Like Trump, Bolsonaro has refused to concede defeat in the recent election and his followers echo the former US president’s angry rhetoric about a rigged election and voter fraud.
For some years, democracy around the world has been under attack by ‘populist’ leaders who appear to believe they have a divine right to rule. The most successful of these, by their own grim standards, has been Vladimir Putin, who has successfully subverted Russian democracy to achieve the status of a tsar by controlling the media and harassing political opponents, some of whom have been murdered.
Such top-down attempts to degrade and destroy democracy are difficult to achieve – it took Putin many years to amass the kind of power necessary to exert the degree of control he now has. However, the spread of anti-democratic ideas to large numbers of people could create the sorts of conditions that can be exploited by wannabe despots the world over, particularly when people are willing to break the law and use violence to further their ambitions.
In the UK, most have extreme confidence in the electoral process, and rightly so. However, politicians planning changes to the system should take care to ensure cross-party support, lest accusations start to fly and conspiracy theorists of one political stripe or another sense an opportunity to sow seeds of doubt and discord.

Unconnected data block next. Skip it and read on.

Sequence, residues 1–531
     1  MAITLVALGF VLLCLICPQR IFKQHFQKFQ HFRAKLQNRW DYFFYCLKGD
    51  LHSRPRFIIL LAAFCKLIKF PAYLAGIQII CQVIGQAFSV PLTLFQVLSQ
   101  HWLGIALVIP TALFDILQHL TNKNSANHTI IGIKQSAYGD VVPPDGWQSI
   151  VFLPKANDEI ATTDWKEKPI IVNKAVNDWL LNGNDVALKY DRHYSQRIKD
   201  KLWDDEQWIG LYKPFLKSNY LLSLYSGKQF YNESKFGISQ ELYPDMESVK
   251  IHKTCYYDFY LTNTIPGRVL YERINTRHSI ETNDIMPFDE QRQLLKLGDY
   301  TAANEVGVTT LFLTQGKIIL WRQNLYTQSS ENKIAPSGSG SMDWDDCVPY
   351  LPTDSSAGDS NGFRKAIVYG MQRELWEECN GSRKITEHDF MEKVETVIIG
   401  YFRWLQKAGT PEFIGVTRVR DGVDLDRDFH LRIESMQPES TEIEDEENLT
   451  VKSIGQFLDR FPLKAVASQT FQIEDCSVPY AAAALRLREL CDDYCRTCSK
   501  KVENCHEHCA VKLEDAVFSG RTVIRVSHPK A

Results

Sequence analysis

Furthermore, this country would not be immune to any further defeats for democracy around the world. If Trump had succeeded in his efforts to persuade fellow Republican politicians to “find” him enough votes to ‘win’ the US presidential election, the world would be a very different place.
As Ukraine fights for its very survival against Putin’s forces, the rest of the free world needs to provide what help it can, while also working hard to shore up and strengthen democracy at home and abroad. In these troubled times, all democratic countries need to recognise the multiple and growing threats that they face and band together.